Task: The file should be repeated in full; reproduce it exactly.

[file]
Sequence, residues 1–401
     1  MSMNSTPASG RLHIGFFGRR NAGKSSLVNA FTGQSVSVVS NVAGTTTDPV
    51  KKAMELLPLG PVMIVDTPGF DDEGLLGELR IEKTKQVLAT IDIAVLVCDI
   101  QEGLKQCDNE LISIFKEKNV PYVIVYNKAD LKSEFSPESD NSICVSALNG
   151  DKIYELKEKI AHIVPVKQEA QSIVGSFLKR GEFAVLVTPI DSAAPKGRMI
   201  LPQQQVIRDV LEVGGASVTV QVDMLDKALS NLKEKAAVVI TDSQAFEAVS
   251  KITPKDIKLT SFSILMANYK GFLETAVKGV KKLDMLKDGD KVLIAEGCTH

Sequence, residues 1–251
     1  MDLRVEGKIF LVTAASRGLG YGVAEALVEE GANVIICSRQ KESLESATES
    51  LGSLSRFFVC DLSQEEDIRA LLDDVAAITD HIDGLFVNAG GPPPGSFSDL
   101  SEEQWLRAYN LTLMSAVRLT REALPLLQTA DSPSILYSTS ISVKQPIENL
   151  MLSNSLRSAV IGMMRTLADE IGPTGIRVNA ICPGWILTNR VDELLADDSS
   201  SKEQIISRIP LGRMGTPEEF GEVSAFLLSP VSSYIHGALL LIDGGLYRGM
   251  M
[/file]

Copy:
Sequence, residues 1–401
     1  MSMNSTPASG RLHIGFFGRR NAGKSSLVNA FTGQSVSVVS NVAGTTTDPV
    51  KKAMELLPLG PVMIVDTPGF DDEGLLGELR IEKTKQVLAT IDIAVLVCDI
   101  QEGLKQCDNE LISIFKEKNV PYVIVYNKAD LKSEFSPESD NSICVSALNG
   151  DKIYELKEKI AHIVPVKQEA QSIVGSFLKR GEFAVLVTPI DSAAPKGRMI
   201  LPQQQVIRDV LEVGGASVTV QVDMLDKALS NLKEKAAVVI TDSQAFEAVS
   251  KITPKDIKLT SFSILMANYK GFLETAVKGV KKLDMLKDGD KVLIAEGCTH

Sequence, residues 1–251
     1  MDLRVEGKIF LVTAASRGLG YGVAEALVEE GANVIICSRQ KESLESATES
    51  LGSLSRFFVC DLSQEEDIRA LLDDVAAITD HIDGLFVNAG GPPPGSFSDL
   101  SEEQWLRAYN LTLMSAVRLT REALPLLQTA DSPSILYSTS ISVKQPIENL
   151  MLSNSLRSAV IGMMRTLADE IGPTGIRVNA ICPGWILTNR VDELLADDSS
   201  SKEQIISRIP LGRMGTPEEF GEVSAFLLSP VSSYIHGALL LIDGGLYRGM
   251  M